Do you fixate on negative thoughts or do you let them come and go?
More and more people are waking up to the power of Eastern healing modalities and the impact these spiritual practices have on our health and wellbeing.
Today, I have a special guest writing for the blog. Claire is the founder of Sprout Newsletter. She writes:
Sprout evolved through my own practice of teaching, writing, and curating. I wanted to create a brand that empowers lives on and offline. Sprout is a life and culture brand dedicated to inspiring thoughtful engagement with culture. Sprout distributes a regular newsletter filled with artist interviews, essays, and features. Sprout online courses on mindful living and establishing an art collection are soon due to launch.
In this post, Claire shares her experience with social anxiety and the power that meditation has had on her healing journey. In addition to this article, she is offering a free meditation workshop over at this link:
Healing Anxiety Through Meditation
Imagine this: you are in a room of people. They are all looking at you to answer a question that was just asked. You feel your face growing warm, and your palms becoming damp. It’s happening, you think. A panic attack is brewing. There is no button to press in case of emergency. No parachute to tug on. Realising this makes you feel even more stressed, and the warmth creeps down from your face to your neck. Now, imagine someone touching you on the forearm and with every good intention, uttering words that never seem to work: Calm down.
Anyone with social anxiety knows that panic can strike at any moment. Anxiety doesn’t have prejudice against time of day, your emotional state, or if you are at home or work. Although some situations are more triggering than others, the truth is that no moment is immune.
At the peak of my social anxiety I had two main triggers: speaking in class and eating in front of people I didn’t know. Sounds ridiculous, right? But truly, they were stressful scenarios for me at the time. Although lots of things could send me into a panic attack, nothing made me as terrified as the scene I described earlier. If a teacher or college tutor called on me and I got the answer right, it made my panic even worse. Which meant I got used to saying I don’t know or worse — giving the wrong answer altogether. It made me feel frustrated, embarrassed, and silly. When a peer piped up with the correct answer I berated myself. Disappointment and frustration compounded itself onto my already anxious state.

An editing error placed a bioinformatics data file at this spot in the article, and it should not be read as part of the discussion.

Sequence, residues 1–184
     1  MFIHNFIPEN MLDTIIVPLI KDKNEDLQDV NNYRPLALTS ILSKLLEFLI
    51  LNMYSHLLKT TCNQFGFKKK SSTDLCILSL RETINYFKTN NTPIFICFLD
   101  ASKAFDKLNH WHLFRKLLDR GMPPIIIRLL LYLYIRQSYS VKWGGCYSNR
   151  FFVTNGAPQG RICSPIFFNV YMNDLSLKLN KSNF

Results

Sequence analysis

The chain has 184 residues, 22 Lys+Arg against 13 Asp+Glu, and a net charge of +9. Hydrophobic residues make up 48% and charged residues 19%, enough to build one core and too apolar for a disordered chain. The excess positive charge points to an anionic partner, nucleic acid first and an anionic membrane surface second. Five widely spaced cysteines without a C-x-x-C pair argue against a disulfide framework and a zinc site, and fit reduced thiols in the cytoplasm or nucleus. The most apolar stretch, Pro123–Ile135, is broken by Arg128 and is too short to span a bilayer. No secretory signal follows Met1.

At the peak of my anxiety, my body and mind was stressed and exhausted by it all. Our bodies and minds run in sync with each other. Which means you cannot have a calm body and a stressed mind, or vice versa. Ever notice how your shoulders creep up to your neck when you fire out emails on a Friday afternoon? Or how you breathe a sigh of relief when your emails are done? That’s your mind and body relationship at work.
I ‘fixed’ my anxiety with drugs and therapy. But, 15 years later, I still occasionally struggle with performance and social anxiety. What’s changed is that I have a new coping mechanism that doesn’t involve drugs or therapy: meditation.
What meditation does for us, and what it definitely did for me, is to teach us that we do not have to identify with our thoughts. We don’t have to defined by our fears. Meditation teaches us to be a gentle anchor in a sea of thoughts, feelings, and judgements. While everything else moves around us, we can remain still and grounded: a neutral observer. Meditation, it turns out, is the kind, well-meaning person telling you to Calm down.
For myself, this meant learning to notice my thoughts objectively. Doing so made me realise what thought-patterns had grown to be habitual. Being asked a question in a meeting hadn’t triggered my social anxiety for some time, but other fears had crept in its place. I hadn’t noticed them setting up shop in my mind or they way that the minutiae of my own thinking had, at times, stopped me from living my life. In short, fear based thoughts had become a habit.
I start each of my meditations the same way. By breathing deeply into my belly, which is where the HQ of the nervous system resides. Sending oxygen to your belly sends the message to your body to
relax, and in turn, your mind follows suit. In this state, thoughts continue to come and go. The act of meditation is to objectively notice everything; fleeting thoughts, rising emotions, physical spaces, feelings, sounds — the whole world, really. Meditation teaches us to sit and objectively watch the world pass by.
Through meditation I have learnt that some of my thoughts are funny in their absurdity. Others are dramatic to the point of being ridiculous. Each of them have something to teach me about myself, who I am, and how I move through the world.
To release yourself from the hold of your own thoughts is an incredibly powerful act. No-one fact checks our thinking habits. A lot of us unconsciously believe false-thoughts that negatively impact our lives and how we choose to live.
A sure fire way to change your patterns is to give meditation a try and sit in stillness. Thoughts will naturally arise. Resist being swept away by their narrative and instead come back to your breath, or a focus point in the room. Take a step back from your thinking and ask yourself: where are you holding back?
Claire is offering a free meditation workshop which can be found at:
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Thank you for reading and I hope this post supports you on your journey to unconditional self love.
Be wild. Be free. Be you.